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  • Bruce Willis, I heard, is taking Apple to court. He has put his entire iTunes collection into a trust and is suing for the rights to bequeath it to his kids. That got me thinking about our digital assets in general - that prolific, but ephemeral legacy of our generation which may or may not be passed along.

    My sisters and I had the bittersweet bonding opportunity a few years ago, when we moved our parents, to sort through boxes of letters and books of grainy photos from multiple generations - the confirmation of a rich oral family history, laid out in piles on the floor. There was the infamous letter my father wrote on his way back from the war warning my mother that perhaps, after all, "absence does not make the heart grow fonder..." an admission that nearly cost us kids our very lives and our father his eventual happiness. We found my great grandmother's scribbled diary through those years when, miserably deaf and isolated, she lived on the kindness of family. I remember her well. We uncovered an old framed photo of my grandfather explaining the design of the Palomar observatory to Albert Einstein. Even further back, a great-great-great-great-great confided in careful long-hand his discomfort with slavery and his fear of impending war. Treasures, all, to be handled once or twice by each generation and then returned to the box for the next.

    We write at least as much today, recording our daily pains, pleasures, triumphs and fears, but mostly in electronic form. Our recorded thoughts and photos rest scattered in desktop files that no one will ever be able to find or leaf through. We hold high our iPhones to record our every move and meal, and those of our friends and family. And, of course, our cats. I often joke that my grandchildren will be the most over-photographed generation in history. But what will happen to those pictures? It seems that our abundant virtual outputs await one of two distinctly different fates - either they will be too ubiquitous to carry weight or, conversely and more likely, they will be irretrievable to history, gone, locked by a password that will die when we do.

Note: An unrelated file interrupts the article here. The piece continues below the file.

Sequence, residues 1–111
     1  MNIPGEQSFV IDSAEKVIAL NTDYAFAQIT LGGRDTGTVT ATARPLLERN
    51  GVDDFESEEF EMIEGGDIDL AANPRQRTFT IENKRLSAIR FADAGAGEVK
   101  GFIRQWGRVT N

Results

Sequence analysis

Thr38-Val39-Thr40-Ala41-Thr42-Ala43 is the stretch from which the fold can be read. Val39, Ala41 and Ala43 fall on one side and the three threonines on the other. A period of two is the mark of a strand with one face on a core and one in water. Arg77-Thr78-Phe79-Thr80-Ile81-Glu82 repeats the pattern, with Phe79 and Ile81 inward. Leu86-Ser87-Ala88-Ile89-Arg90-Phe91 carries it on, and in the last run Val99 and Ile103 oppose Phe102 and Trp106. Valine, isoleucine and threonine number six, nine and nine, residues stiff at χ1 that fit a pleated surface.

It has become exceedingly cheap and easy to produce photos and words for family and friends - and to publish them to strangers. Yet it is hard to remember the extra steps required to make them accessible to those who will be interested once we are gone. I have been careful to keep my financial affairs in order and to ensure my kids know where to find the keys to my house. Maybe it's time for me to be equally conscientious with the family's digital history.

    Photo: My mother goofing around with her father on the Jersey Shore, 1930
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